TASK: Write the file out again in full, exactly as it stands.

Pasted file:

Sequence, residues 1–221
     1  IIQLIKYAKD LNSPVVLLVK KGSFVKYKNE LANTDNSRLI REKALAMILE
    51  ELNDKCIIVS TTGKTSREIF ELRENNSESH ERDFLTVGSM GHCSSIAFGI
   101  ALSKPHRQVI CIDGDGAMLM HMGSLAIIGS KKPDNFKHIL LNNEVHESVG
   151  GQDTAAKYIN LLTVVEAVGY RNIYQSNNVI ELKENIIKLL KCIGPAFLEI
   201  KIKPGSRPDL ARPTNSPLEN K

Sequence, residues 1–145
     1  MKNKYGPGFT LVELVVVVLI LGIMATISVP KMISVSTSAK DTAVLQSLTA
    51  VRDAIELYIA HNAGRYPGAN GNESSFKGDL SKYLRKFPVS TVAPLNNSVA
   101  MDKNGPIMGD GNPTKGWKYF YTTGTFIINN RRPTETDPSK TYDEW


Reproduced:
Sequence, residues 1–221
     1  IIQLIKYAKD LNSPVVLLVK KGSFVKYKNE LANTDNSRLI REKALAMILE
    51  ELNDKCIIVS TTGKTSREIF ELRENNSESH ERDFLTVGSM GHCSSIAFGI
   101  ALSKPHRQVI CIDGDGAMLM HMGSLAIIGS KKPDNFKHIL LNNEVHESVG
   151  GQDTAAKYIN LLTVVEAVGY RNIYQSNNVI ELKENIIKLL KCIGPAFLEI
   201  KIKPGSRPDL ARPTNSPLEN K

Sequence, residues 1–145
     1  MKNKYGPGFT LVELVVVVLI LGIMATISVP KMISVSTSAK DTAVLQSLTA
    51  VRDAIELYIA HNAGRYPGAN GNESSFKGDL SKYLRKFPVS TVAPLNNSVA
   101  MDKNGPIMGD GNPTKGWKYF YTTGTFIINN RRPTETDPSK TYDEW